A full 78.4 percent of voters embraced changes made to the asylum law last September as applications soared to their hightest level in over a decade.
Opponents of the asylum law revision, which includes the removal of military desertion from a list of valid grounds for seeking asylum in Switzerland, voiced deep disappointment at their defeat.
"The referendum is a disaster for asylum seekers and refugees and leaves no winners," the committee that had requested the vote on the changes said in a statement, hailing the "minority of the population that still has a conscience".
Manon Schick, the head of Amnesty International's Switzerland section, also lamented the "very, very high" percentage of Swiss who had voted in favour of the revision.
"We knew in advance that we would lose," she told AFP, pointing out that the Swiss have repeatedly voted to tighten their asylum law since it went into effect in 1981, "but that it was this bad was very disappointing."
Céline Amandruz of the populist Swiss People's Party (SVP), however welcomed the strong support for the tougher law, insisting that nine out of 10 people who seek refuge in the wealthy country did so "for economic reasons".
"There is clearly a need to change this system," she said.
One of the most controversial revisions was the removal of military desertion as a valid reason for asylum.
That has been the key reason cited by Eritreans, who accounted for most applications to Switzerland last year and whose country imposes unlimited and under-paid military service on all able-bodied men and women.
The revision also removed the possibility, which had been unique in Europe, to apply for asylum from Swiss embassies — a change opponents described as "inhumane", since it meant people unable to make the often dangerous journey from their country to Switzerland would remain without help.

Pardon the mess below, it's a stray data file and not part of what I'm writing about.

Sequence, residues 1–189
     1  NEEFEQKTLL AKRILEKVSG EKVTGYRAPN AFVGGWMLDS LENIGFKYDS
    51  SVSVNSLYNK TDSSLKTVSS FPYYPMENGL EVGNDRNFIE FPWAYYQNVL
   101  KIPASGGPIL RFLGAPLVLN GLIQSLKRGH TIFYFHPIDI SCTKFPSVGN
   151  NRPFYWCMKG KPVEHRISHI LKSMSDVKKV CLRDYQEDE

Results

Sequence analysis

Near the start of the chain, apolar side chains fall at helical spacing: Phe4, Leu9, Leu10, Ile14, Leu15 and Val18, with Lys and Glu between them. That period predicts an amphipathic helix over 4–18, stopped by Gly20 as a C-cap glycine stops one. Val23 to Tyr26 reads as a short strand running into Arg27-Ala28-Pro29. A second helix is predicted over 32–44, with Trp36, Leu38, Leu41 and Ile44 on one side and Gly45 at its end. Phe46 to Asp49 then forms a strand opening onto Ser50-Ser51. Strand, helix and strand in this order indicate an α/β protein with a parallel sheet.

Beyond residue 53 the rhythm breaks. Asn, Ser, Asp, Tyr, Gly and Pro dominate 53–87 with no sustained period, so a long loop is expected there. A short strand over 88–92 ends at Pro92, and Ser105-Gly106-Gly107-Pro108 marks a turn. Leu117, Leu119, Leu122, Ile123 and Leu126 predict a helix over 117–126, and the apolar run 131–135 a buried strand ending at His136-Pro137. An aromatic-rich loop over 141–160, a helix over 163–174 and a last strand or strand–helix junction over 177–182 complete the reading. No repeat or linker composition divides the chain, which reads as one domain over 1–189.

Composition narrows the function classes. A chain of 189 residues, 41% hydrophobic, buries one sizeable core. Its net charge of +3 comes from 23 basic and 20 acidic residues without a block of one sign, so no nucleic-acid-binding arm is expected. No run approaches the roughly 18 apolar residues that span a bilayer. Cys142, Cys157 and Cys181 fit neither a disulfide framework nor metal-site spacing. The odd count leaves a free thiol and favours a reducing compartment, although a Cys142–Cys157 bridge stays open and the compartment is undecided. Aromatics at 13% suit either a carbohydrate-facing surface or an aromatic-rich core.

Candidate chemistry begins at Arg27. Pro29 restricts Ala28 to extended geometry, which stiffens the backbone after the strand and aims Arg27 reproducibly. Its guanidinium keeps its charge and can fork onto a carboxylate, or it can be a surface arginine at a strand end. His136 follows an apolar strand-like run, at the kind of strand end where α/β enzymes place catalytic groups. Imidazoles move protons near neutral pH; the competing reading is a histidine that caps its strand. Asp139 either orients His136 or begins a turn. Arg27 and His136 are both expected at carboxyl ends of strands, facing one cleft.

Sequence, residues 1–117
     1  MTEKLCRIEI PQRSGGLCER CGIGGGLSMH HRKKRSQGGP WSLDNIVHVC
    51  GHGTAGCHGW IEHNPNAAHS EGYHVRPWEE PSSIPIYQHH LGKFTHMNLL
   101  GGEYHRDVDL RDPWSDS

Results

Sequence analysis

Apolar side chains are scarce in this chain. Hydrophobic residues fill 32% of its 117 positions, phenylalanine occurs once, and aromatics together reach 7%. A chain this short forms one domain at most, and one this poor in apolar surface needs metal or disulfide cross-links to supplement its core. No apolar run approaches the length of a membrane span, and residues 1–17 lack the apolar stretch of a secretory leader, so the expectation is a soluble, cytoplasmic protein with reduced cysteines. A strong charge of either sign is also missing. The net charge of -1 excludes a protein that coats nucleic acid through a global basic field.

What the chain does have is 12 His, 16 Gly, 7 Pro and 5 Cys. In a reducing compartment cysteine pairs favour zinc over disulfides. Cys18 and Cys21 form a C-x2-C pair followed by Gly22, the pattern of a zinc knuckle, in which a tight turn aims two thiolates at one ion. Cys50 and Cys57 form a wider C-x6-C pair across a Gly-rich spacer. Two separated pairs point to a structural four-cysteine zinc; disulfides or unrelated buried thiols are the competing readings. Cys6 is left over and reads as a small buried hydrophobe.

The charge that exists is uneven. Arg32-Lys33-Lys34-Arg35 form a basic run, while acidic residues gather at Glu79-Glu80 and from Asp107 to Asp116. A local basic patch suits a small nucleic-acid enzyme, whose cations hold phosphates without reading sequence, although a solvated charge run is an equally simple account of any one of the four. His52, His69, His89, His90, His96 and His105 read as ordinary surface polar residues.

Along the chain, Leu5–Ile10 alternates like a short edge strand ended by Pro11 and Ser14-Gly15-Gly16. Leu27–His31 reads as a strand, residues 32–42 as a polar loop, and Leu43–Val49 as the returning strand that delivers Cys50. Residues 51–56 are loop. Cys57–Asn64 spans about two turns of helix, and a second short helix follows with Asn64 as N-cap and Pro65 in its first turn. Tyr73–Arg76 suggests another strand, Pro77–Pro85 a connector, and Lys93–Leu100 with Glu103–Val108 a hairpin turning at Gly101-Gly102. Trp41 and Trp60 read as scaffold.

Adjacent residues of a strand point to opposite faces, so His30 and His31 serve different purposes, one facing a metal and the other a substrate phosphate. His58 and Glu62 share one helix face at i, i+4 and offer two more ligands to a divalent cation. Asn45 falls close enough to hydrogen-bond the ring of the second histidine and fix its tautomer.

Justice Minister Simonetta Sommaruga has insisted that the changes largely benefit the asylum seekers themselves, highlighting especially the efforts to speed up the application process.
"Leaving people and their families for so long wallowing in uncertainty is unacceptable," she said recently.
The rejigged asylum law also clears the way for the creation of special centres for asylum seekers considered to be trouble-makers and limits the right to family reunification to spouses and children.
Many opponents complained that Sommaruga had mixed harsh tightening measures in with the legitimate change of shortening the application handling process — which can drag on for years.
"I don't believe 80 percent of Swiss voters said yes because they are xenophobic," Schick said.
Switzerland currently counts some 48,000 people in the process of seeking asylum, including 28,631 who arrived in 2012.
The surge, attributed in part to the Arab Spring uprisings, marks the highest number since the height of the Balkans war in 1999, when nearly 48,000 people sought refuge in the country.
Switzerland counts one asylum seeker for every 332 inhabitants, trailing only Malta, Sweden and Luxembourg, and ranking far above the European average of one asylum seeker for every 625 inhabitants.
Besides the asylum law, the Swiss also voted on a series of other national, regional and local issues .
Among them was an initiative for the people to elect their government directly instead of it being chosen by parliament.
This was rejected by an overwhelming 76.3 percent of Swiss voters.
Other votes included one in Zurich, where voters embraced a bid to impose tougher measures against hooliganism.
Only 39 percent of the 5.2 million people eligible to vote meanwhile cast their ballot , but low turnout is not uncommon in Switzerland, which hosts numerous popular votes each year.